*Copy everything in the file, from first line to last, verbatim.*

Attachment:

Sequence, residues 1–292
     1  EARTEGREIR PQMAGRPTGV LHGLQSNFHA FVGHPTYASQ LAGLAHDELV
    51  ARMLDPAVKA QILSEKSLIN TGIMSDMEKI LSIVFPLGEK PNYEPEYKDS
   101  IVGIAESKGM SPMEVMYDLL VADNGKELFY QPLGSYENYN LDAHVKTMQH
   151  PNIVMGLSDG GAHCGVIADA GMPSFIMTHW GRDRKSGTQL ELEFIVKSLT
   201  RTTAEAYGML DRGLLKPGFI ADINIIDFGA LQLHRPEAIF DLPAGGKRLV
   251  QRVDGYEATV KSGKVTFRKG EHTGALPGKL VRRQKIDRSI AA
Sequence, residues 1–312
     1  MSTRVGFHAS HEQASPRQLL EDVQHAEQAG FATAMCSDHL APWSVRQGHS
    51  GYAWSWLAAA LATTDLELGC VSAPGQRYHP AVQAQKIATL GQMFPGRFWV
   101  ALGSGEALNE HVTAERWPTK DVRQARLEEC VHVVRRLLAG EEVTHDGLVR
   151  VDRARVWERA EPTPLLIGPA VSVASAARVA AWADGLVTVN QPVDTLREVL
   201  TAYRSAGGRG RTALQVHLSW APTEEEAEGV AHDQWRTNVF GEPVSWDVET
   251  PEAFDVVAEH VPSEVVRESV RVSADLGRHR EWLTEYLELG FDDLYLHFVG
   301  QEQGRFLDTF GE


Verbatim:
Sequence, residues 1–292
     1  EARTEGREIR PQMAGRPTGV LHGLQSNFHA FVGHPTYASQ LAGLAHDELV
    51  ARMLDPAVKA QILSEKSLIN TGIMSDMEKI LSIVFPLGEK PNYEPEYKDS
   101  IVGIAESKGM SPMEVMYDLL VADNGKELFY QPLGSYENYN LDAHVKTMQH
   151  PNIVMGLSDG GAHCGVIADA GMPSFIMTHW GRDRKSGTQL ELEFIVKSLT
   201  RTTAEAYGML DRGLLKPGFI ADINIIDFGA LQLHRPEAIF DLPAGGKRLV
   251  QRVDGYEATV KSGKVTFRKG EHTGALPGKL VRRQKIDRSI AA
Sequence, residues 1–312
     1  MSTRVGFHAS HEQASPRQLL EDVQHAEQAG FATAMCSDHL APWSVRQGHS
    51  GYAWSWLAAA LATTDLELGC VSAPGQRYHP AVQAQKIATL GQMFPGRFWV
   101  ALGSGEALNE HVTAERWPTK DVRQARLEEC VHVVRRLLAG EEVTHDGLVR
   151  VDRARVWERA EPTPLLIGPA VSVASAARVA AWADGLVTVN QPVDTLREVL
   201  TAYRSAGGRG RTALQVHLSW APTEEEAEGV AHDQWRTNVF GEPVSWDVET
   251  PEAFDVVAEH VPSEVVRESV RVSADLGRHR EWLTEYLELG FDDLYLHFVG
   301  QEQGRFLDTF GE